Coorong & Tatiara Water Action Needed
Federal Member for Mayo Rebekha Sharkie will start working on a multi-million dollar funding package to help Coorong Tatiara farmers become more self-sufficient from the “exorbitant price gouging” of SA Water.
The package would include a campaign to allow the growers to access water efficiency with funding from the Murray-Darling Basin Plan.
The money would be used for matched grants or low interest loans to assist growers’ transition from using the SA Water pipeline to projects such as small-scale desalination plants, lined catchments or water pipelines from Lake Albert or viable groundwater sources.
“Something has to change. Growers have been slugged with huge price increases every year since 2008 and are being crippled by annual bills of more than $100,000 just to water stock, said Rebekha Sharkie, the Party’s Federal Spokesperson for Agriculture and Rural Affairs.
“At current prices a $100,000 SA Water bill represents 66 cattle that need to be sold to cover this expense, before any return is made to the farmer."
Rebekha’s pledge on behalf of the Nick Xenophon Team comes after she hosted a public meeting at the Coonalpyn Hall recently that focused water security.
More than 70 landholders attended the meeting which was chaired by Henry Angas from the Coorong Water Security Advisory Group and facilitated by Coorong District Council and the Coorong Tatiara Local Action Plan.
Guest speaker at the meeting was also Party Leader Nick Xenophon.
"With the most expensive stock water in the nation, these farmers are being gouged by SA Water," Nick said.
"It’s become a cash cow that’s hurting the viability of livestock production and farming.”
Nick also said that there was an urgent need to seek Murray-Darling Basin Plan funds to save Murray water and alleviate dependence on SA Water and its crushing prices, including lined catchments and small-scale desalination plants.
“The rules for Murray-Darling Basin Authority funding need to be flexible enough for these farmers to access funds for these projects that will ease pressure on the Murray, and on the bottom-line of struggling farmers.
Farmers in this district are completely reliant on the 143km-long SA Water pipeline from Tailem Bend to Keith because of the ancient geography of the area and its hyper-saline groundwater.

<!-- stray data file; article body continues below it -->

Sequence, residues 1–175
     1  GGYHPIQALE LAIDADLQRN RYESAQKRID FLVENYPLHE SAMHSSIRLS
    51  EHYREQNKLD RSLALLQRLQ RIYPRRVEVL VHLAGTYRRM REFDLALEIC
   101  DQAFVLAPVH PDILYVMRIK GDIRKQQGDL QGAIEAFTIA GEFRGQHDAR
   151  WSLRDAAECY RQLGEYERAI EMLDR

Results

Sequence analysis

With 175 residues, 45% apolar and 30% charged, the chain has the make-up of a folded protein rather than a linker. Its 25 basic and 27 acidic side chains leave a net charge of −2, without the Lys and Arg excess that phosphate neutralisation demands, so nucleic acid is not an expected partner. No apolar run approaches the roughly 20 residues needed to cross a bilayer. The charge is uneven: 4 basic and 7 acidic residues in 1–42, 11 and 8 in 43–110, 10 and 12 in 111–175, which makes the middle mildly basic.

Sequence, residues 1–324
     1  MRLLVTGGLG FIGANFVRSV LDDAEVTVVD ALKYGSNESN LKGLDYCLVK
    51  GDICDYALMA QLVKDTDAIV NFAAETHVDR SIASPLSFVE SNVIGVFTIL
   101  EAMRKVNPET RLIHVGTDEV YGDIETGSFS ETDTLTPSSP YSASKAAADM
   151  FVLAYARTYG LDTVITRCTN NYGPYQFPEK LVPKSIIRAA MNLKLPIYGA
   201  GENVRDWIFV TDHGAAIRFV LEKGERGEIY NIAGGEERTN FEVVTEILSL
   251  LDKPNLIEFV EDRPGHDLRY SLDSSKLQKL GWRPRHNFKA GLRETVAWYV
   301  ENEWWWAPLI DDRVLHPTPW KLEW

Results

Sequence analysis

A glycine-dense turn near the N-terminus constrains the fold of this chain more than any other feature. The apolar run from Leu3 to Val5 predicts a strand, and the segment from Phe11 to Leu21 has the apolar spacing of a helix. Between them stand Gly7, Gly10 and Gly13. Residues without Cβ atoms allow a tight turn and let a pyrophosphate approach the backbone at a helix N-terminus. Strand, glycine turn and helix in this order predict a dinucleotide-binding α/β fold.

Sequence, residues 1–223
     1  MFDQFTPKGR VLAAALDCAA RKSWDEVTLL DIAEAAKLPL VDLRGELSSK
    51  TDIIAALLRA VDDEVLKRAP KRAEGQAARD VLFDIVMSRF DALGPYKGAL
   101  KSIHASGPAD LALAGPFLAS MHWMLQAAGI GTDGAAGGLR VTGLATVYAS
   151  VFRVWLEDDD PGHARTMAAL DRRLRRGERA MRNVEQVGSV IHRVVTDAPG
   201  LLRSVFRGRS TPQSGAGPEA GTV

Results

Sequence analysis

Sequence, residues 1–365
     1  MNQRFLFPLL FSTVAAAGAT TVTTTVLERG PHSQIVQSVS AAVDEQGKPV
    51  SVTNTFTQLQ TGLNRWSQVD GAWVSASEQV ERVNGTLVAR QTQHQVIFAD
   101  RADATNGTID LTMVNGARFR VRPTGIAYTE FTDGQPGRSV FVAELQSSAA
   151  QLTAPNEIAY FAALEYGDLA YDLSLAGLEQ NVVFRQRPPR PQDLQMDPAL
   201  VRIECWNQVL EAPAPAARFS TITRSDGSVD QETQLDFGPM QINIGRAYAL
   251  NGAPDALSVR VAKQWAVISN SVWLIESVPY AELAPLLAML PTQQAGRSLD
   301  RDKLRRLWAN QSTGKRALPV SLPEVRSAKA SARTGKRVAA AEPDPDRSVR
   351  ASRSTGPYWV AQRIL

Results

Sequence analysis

The pipeline was introduced to the district in the 1960s, opening up the area to agricultural production. Most of this land is ideally suited to grazing.
“South Australia’s future prosperity lies in the regions and so we must ensure the regions can farm, including all pipeline-reliant communities in SA,” Rebekha said.
“The extortion of these farmers must stop.”
Rebekha called the public meeting after accepting an invitation from the Coorong Tatiara Local Action Plan to tour the district in October and see the water challenges first-hand.
“I wanted to run a workshop-style meeting where we could hear directly from the community about the issues they face and, more importantly, what the solutions should be,” Rebekha said.
“I will be working through the feedback from the meeting to formulate exactly what the community is looking for in terms of government policy but what Nick and I heard last week is that the community is tired of being ignored, tired of being told by SA Water their needs were not ‘significant’ and they want secure, reliable and affordable water.
“They are not looking for hand-outs, they are looking for hand-ups so they can transition to water selfsufficiency, something every South Australian should be supporting.
“This is something that State and Federal Governments should be working on together.
"I will be taking the community's concerns directly to the Prime Minister as the Acting Agriculture and Water Resources Minister and to Ian Hunter, the State Minister for Water and the River Murray."